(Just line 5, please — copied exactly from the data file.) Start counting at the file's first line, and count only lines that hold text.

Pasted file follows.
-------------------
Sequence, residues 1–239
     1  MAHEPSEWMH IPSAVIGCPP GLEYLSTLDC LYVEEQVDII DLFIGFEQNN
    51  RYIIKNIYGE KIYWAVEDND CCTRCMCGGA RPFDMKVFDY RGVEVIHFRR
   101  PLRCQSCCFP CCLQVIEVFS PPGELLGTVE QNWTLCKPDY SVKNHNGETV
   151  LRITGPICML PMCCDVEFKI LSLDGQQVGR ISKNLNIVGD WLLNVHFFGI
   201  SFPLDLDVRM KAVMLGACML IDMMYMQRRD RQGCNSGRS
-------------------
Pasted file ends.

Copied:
   151  LRITGPICML PMCCDVEFKI LSLDGQQVGR ISKNLNIVGD WLLNVHFFGI